Hidden Carbs in Food

Hidden Carbs in Food

hidden sugar in foods

While the FDA recommends that the average adult consumes around 300 grams of carbohydrates per day (2), some low-carb diets could have someone consuming as few as 20 grams per day. For those individuals trying to ingest as few carbs as possible, it is critical to understand which foods actually contain carbohydrates and exactly how many.

Many foods hide significantly more carbohydrates than you might expect, so it is important to not only read nutritional labels, but also to understand how your food is being prepared and do research in order to get the best idea of how many carbs you are eating.

Certain foods – such as potatoes, bread, and sugary snacks – have a reputation for being high in carbs (5), but these are not the only foods that contain carbohydrates. Other foods such as milk substitutes (soy, almond, etc.), yogurt, and store-bought tomato sauce and salad dressing also contain hidden carbs, despite their healthy connotations.

 

Carbohydrate Content in Common Foods (per the USDA):

  • – Soy milk (15g per cup)
  • – Non-fat fruit yogurt (47g per cup)
  • – Tomato sauce, such as Prego chunky mushroom (26g per cup)
  • – French salad dressing (2.5 per tablespoon or 39g per cup)

Anything with lots of added sweeteners is going to be high in carbs, even if that sweetener isn’t necessarily sugar. Stevia is considered a good choice for those following a low-carb diet, because the leaf and extract do not contain any carbs. But beware of stevia blends (which are often blended with maltodextrin and contain 25 grams of carbohydrates per cup) and other low-calorie sweeteners because these contain hidden carbs as well. (6).

Alcoholic drinks often contain more carbs than you might realize, and are an important area to consider if you are trying to consume fewer carbs. Pure spirits, such as vodka or gin, contain no carbs, but beer, wine, and mixed drinks do contain them.

Carbohydrate Content in Common Alcoholic Beverages:

– Vodka soda (0g per drink)

– Gin and tonic (16g per drink)

– Beer (13g per drink)

– Wine (2g per drink)

– Champagne (1g per drink)

– Wine Coolers, such as Smirnoff Ice (31g per drink)

 

A common misconception among dieters is that a gin and tonic has no carbs, because a vodka soda has no carbs. While a vodka soda is indeed carb-free, unfortunately, a gin and tonic contains 16 carbs per drink. Many people do not realize that tonic water contains carbs.

It is also important to understand what rules food companies are required to follow and what that means for the foods you are eating. For example, American companies are legally allowed to round down nutritional information on their packaging (3) as long as it is does not exceed a pre-determined value (which varies depending on the nutrient).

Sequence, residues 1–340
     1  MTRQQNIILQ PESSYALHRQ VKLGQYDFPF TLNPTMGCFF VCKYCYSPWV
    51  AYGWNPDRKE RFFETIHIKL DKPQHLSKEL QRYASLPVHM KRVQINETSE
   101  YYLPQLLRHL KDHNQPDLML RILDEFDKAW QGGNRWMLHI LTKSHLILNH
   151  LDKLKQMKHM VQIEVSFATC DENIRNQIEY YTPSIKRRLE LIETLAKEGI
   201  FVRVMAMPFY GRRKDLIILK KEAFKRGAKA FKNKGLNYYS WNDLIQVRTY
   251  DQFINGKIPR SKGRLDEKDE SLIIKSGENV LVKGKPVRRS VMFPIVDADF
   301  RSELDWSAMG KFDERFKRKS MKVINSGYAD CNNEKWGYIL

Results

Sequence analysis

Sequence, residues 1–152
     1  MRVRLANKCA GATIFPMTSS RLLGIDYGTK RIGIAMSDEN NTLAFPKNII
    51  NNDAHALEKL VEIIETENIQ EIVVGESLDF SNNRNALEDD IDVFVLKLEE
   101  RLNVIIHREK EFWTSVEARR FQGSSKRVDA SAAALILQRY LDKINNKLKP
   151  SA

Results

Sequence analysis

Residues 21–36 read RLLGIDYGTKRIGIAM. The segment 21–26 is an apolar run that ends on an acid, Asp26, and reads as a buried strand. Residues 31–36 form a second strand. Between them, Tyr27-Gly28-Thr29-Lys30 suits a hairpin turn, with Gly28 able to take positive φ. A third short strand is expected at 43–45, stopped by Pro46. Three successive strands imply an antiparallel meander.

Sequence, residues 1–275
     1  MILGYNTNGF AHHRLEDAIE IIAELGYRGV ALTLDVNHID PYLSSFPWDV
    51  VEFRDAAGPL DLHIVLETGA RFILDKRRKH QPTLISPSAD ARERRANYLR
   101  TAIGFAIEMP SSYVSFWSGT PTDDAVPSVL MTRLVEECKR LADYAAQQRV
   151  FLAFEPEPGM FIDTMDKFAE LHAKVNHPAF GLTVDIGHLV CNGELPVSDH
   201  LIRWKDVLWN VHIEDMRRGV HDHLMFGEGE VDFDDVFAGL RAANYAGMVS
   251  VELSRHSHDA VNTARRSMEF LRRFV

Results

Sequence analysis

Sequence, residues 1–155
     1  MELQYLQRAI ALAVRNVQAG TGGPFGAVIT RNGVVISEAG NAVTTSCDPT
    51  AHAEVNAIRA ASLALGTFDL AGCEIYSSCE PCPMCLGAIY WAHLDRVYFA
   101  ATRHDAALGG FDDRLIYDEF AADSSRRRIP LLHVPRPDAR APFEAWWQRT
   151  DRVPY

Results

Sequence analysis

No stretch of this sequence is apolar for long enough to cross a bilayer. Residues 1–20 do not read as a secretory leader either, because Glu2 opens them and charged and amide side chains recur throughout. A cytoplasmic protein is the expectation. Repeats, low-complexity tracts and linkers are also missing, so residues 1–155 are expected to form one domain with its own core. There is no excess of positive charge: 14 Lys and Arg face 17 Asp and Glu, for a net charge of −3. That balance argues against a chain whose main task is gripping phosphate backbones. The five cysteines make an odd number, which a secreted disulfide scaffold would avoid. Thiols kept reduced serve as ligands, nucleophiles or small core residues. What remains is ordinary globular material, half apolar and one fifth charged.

What that means for foods such as heavy cream (which typically has a serving size of around 1 tablespoon) is that the label will show a value of 0 grams for carbohydrates. Even though it might seem like heavy cream has no carbs, one cup of heavy cream (16 tablespoons) has over 6 grams of carbs because of the way nutritional labels are regulated.

In order to successfully follow a low-carb or keto diet, it is important to understand the nature of the foods you are putting into your body. Many foods are considered to be high in carbs, but there are often very simple alternatives to these carb-heavy foods.

Sparkling water and coconut milk are going to have significantly less carbs than tonic water and cow’s milk, broccoli is a good alternative to potatoes, and homemade salsas, sauces, and dressings are usually going to have lower carb counts than anything you’ll find at the store.

While most people do not need to follow a low-carb diet, for those that do, it only involves a few small steps to limit your consumption of carbohydrates. Read labels, understand what they mean, and do your best to make smart carb decisions.

Carbs may seem like they’re everywhere, but they can’t hide forever.

Sources:

2)https://www.accessdata.fda.gov/scripts/InteractiveNutritionFactsLabel/factsheets/Total_Carbohydrate.pdf

3)https://www.fda.gov/Food/GuidanceRegulation/GuidanceDocumentsRegulatoryInformation/LabelingNutrition/ucm064932.htm

4)https://www.verywell.com/carbs-in-dairy-products-2242511

5)https://www.healthaliciousness.com/articles/foods-highest-in-carbohydrates.php

6)http://www.livestrong.com/article/490828-does-a-cup-of-stevia-blend-have-carbs/

7) https://www.dietdoctor.com/low-carb/alcohol

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